London City Airport was forced to close earlier this week following the discovery of an unexploded WWII bomb at George V dock during planned airport works.
The bomb, a 500kg device, was discovered on Sunday and forced immediate closure of the airport and led to the evacuation of local residents while Metropolitan Police and the Royal Navy examined the device and attempted to remove it.
The airport remained closed on Monday, affecting as many as 16,000 passengers due to use the airport as flights were cancelled. The airport reopened for business as usual during the early hours of Tuesday morning, and affected passengers were urged to contact their airlines for further flight information.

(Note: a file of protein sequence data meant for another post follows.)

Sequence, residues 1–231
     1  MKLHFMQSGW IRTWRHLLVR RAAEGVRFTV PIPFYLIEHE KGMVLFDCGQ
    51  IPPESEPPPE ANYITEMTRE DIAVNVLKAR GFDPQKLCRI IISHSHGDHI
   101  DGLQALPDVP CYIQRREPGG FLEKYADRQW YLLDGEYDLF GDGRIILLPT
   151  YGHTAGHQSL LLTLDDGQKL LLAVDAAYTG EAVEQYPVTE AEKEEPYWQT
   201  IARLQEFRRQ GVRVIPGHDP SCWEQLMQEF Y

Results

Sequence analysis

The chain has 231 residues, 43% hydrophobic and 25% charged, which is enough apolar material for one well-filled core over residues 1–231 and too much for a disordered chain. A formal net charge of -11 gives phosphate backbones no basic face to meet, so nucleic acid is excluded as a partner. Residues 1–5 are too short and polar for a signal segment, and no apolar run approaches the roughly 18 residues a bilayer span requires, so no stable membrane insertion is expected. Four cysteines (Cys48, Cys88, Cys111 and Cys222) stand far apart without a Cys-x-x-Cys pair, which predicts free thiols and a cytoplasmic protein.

According to local historians, it is believed that up to 10% of the bombs dropped on London during the Blitz did not detonate as planned. As the number of bombs dropped is estimated at around 20,000, there is little wonder that discoveries of WWII devices are still happening more than 70 years later.
The airport, the only one located in the City of London made a statement to affected passengers and local residents thanking them for their patience and understanding, and thanked Police and the Royal Navy for their efforts to bring the incident to a safe conclusion.
Flights are now operating as expected, and affected passengers should contact their individual airlines to find out more about their flight status.